ing the colon, lung, ovary, breast and esophagus.
11–15
Previous
studies have also documented differences in serum protein
profiles between cervical cancer and healthy controls.
16
Three differentially expressed potential biomarkers with
relative molecular weights of 3974 Da, 4175 Da and 5906 Da
identified in this study demonstrated 90% sensitivity and
specificity in disguising cervical cancer from controls. To
our knowledge, the current study is the first to document
the usage of MALDI-TOF-MS technology in the analysis
of serum protein profiles of patients diagnosed with cervi-
cal pre-cancer and evaluated differences in sensitivity and
specificity of protein peaks by race.
We focused on women infected with HPV 16 as this virus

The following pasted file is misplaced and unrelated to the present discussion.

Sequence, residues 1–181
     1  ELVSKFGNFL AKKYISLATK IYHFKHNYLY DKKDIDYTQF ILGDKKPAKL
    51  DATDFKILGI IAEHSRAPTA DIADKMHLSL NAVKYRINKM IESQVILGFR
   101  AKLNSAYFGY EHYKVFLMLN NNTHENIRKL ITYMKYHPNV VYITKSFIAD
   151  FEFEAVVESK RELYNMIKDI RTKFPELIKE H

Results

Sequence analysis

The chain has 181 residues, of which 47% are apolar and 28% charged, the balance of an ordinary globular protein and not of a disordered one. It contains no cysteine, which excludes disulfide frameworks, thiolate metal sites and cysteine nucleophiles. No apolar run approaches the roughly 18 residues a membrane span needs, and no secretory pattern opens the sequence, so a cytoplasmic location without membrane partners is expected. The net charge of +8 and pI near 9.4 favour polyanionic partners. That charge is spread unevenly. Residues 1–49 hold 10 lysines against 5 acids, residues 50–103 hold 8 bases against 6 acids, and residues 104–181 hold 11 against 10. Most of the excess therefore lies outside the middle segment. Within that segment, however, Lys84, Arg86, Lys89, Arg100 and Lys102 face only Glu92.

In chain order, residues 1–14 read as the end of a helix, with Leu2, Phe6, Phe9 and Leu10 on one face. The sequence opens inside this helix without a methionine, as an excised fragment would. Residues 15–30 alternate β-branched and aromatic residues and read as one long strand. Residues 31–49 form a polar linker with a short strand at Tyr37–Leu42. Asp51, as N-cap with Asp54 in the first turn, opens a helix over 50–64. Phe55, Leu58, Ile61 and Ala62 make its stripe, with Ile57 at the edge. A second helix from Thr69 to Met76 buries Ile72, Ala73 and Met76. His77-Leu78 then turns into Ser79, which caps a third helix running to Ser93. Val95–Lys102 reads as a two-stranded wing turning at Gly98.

is the most frequent causative agent for developing cervical
cancer world-wide.
17
Even though only a fraction of women
infected with HPV 16 develops CIN 2+, these lesions have
the highest rate of progression to CC.
18
Further, the recur-
rence rate of CIN 2+ after a loop electrosurgical excision
procedure was shown to be significantly higher among
those who were tested positive for HPV 16 before and after
the procedure.
19
Therefore, identification of this fraction of
women and treatment of their lesions and closer follow-up
after treatment are important unmet medical needs in the
current management protocols. Currently available tests do
0 0.25 0.5
1-Specificity
Sensitivity
0.75 1
0
0.25
0.5
0.75
1
Area under the curve = 0.8152
Cutoff at predicted probability = 0.60
Figure 4 Receiver operating characteristic curve for CIN 3 and controls diagnosed